I haven’t slept. I look horrible. I have no idea how good it is: I’m not anxious the way I am every week, I’m not worried about whether I pulled it off or not. I’m not even concerned this is the story Delaney will critique on Tuesday. All I want is a shower, a shave, and some decent sleep.

If I’d kept everything in, if I’d completed all the other plot threads instead of taking them out, this story might have run 20k easily, and likely even over that, at which point it’s a fat novella or looking to turn into a book manuscript.

Crazy. Time to head back in and work on tonight’s dinner.

Bricking a story

Every week, I’ve tried to write the story around an avenue from an instructor conversation: I bled all over a story after Kress, I wrote two narrative/voice pieces after talking to Lai, and this week I attempted a structure piece where I wrote only the essential scenes… and it clanked. Last week I worked on it for ~3 days and it didn’t get better until Friday, when I was sick, I threw the towel in and sent it in. And today it came back around for critique.

In retrospect, if one of the things I’m wrestling with is clarity, experiments in minimizing the story might have been exactly the wrong thing to do, but the problem with a story-a-week schedule that on day six in this situation, you’re pretty much passing that week or turning in the thing that isn’t working.

So in critiques today, I was taking my notes and nodding along, and then smiling. Yes, you’re right, that didn’t work. Yup, that didn’t tie in. Yup, I didn’t connect that either. Sorry. And that? Yeah, that’s confusing, too. And yeah, I have an answer to that, but it’s not in the text. Sorry.

I knew that if I tried stuff like this every week there was a good chance I’d put up an airball every week, but it’s another thing entirely to actually put the shot up and wince even as it leaves my hands, then watch it miss.

The good news is I got a lot of excellent critiques on how to improve it if I revisit it for a rewrite.

Too close

Part of the problem with writing and rewriting in the best of circumstances is that it’s hard to pick up on your own errors. It’s even worse in a situation like Clarion, where we’re writing a story a week, so each day you’re desperately trying to make progress and then edit for structure and then, maybe, if you’ve done really well managing your time, get down to a couple passes for spelling and line edits.

For example — we did a crit on a story I wrote last week today, and I knew the voice needed to be as close to perfect as I could get it, because… well, anyway, the voice is much of the story. I put a lot more time into sentence-by-sentence editing and so on, at one point looking through the whole story for ways to make sentences convey meaning in fewer words even if it broke grammar rules.

I turned it in and didn’t look at it for two days. Today, during crit, people pointed out some obvious stuff (like I mentioned uniforms repeatedly without adding anything) and when I re-read it, they’re totally right. In going through it repeatedly, I kept adding stuff to two different sections, and made them both half-adequate and duplicate each other. And there’s a whole set of minor word-missing errors and stuff.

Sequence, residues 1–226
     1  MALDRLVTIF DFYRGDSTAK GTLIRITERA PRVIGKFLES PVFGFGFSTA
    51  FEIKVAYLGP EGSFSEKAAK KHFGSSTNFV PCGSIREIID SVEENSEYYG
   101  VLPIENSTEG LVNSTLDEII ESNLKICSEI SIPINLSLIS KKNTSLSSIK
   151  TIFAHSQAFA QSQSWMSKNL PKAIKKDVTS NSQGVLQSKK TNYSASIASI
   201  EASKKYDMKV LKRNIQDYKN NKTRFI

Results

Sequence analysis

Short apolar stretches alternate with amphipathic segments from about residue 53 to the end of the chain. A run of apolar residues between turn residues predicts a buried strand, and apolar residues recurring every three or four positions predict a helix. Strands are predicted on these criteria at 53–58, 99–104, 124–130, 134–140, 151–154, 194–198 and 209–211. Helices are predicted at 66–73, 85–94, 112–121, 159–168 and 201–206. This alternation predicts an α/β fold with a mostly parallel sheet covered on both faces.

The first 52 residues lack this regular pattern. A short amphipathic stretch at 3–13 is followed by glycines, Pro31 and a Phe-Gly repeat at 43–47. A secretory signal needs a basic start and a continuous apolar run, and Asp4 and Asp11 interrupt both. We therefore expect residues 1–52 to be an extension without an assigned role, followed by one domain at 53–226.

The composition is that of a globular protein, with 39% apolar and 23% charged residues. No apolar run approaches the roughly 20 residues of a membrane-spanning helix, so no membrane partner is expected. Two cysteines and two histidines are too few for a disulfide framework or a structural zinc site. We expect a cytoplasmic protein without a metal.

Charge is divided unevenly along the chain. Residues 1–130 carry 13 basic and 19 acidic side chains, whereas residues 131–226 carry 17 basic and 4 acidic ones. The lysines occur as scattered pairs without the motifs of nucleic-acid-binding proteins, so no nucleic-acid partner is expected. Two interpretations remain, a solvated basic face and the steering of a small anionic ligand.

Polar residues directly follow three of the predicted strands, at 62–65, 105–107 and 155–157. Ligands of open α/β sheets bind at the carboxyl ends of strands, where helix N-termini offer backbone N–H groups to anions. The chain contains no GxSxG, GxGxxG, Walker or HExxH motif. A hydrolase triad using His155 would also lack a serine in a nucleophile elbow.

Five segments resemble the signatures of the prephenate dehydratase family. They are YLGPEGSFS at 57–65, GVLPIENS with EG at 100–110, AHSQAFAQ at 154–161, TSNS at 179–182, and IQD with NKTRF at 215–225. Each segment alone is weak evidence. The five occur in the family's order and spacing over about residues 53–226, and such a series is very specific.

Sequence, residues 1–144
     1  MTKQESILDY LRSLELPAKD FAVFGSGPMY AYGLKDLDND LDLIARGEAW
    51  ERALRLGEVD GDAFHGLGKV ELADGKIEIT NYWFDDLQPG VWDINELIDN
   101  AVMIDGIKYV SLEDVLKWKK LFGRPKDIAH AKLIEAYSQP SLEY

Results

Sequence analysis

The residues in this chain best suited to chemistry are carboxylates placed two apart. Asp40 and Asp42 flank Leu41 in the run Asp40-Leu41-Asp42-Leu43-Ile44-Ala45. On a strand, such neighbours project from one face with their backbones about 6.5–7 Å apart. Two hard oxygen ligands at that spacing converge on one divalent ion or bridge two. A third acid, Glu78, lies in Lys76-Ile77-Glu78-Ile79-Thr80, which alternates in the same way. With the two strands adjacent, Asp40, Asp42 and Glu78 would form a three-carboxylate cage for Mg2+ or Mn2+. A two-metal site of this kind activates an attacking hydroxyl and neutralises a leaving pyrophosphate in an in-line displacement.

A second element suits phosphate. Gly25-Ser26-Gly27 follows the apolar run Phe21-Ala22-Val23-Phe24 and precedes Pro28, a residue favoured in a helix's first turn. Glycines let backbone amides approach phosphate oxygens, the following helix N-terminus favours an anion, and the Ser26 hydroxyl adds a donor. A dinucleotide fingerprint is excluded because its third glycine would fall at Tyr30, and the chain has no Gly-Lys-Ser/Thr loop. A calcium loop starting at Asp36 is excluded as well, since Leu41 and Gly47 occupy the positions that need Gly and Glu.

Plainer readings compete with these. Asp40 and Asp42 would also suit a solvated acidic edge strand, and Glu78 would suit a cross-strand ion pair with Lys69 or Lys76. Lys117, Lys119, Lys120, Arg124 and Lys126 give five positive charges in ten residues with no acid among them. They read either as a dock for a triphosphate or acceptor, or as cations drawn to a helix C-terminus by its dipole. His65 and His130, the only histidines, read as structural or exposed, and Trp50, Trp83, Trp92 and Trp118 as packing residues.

Ugh. Time pressure doesn’t allow us to step away from a story for a day and, like many of our weaknesses, our problems are greatly exacerbated by the constraints we work under.


The weekly Clarion cycle of anxiety

Day 1: Freedom from the tyranny of stories! Woo-hoo! Sure my story sucked, but I got one in!
Day 2: Ah, that was nice. Those were insightful critiques, too. I should think about all of that stuff when I pick my next idea. What do I have in the idea hopper? A couple of things, that’s good.
Day 3: Which of those ideas looks like it might a substantive story, one that requires me to stretch and look at things I’ve learned? None of them? Uh oh. Why does my stomach hurt all the time?
Day 4: I gotta get going. That sucks. And this sucks. Well, how far did I get? -100 words? How is that even possible?
Day 5: I better pick something and pound it out, and if it sucks, well, I’ll go down with the ship.
Day 6: Shit shit shit shit shit, this is terrible. How can I sleep when this story sucks so badly?
Day 7: shitshitshitshitshitshit fuckitall, polish this, turn it in, make the deadline. I hate this story! Why did I pick this idea in the first place? I need a drink.

… and repeat.

The time demand of Clarion

For all the warnings about how hard this would be, how sleep-depriving, I didn’t really grasp it until I was talking to Gary this week, and we figured out that even if you skip breakfast, your day runs

9-1: Critiques, lectures, lunch. Often this runs to 2.

Then at some point, to do a really good job on the critiques, you need to spend three serious hours on them. If you do them right after lunch, then, it’s time for dinner, which takes an hour.

So every day, assuming that you want to get eight hours of sleep and showering/etc takes an hour a day, you have six hours a day to research and write your next story for the week. Tuesdays you lose a couple of hours to the reading, and Fridays you lose an evening to a social event. And this ignores the ever-ratcheting pressure to write something that measures up to the increasingly good efforts of everyone else.

I brought some books with me for reading material. I’ve barely read a page.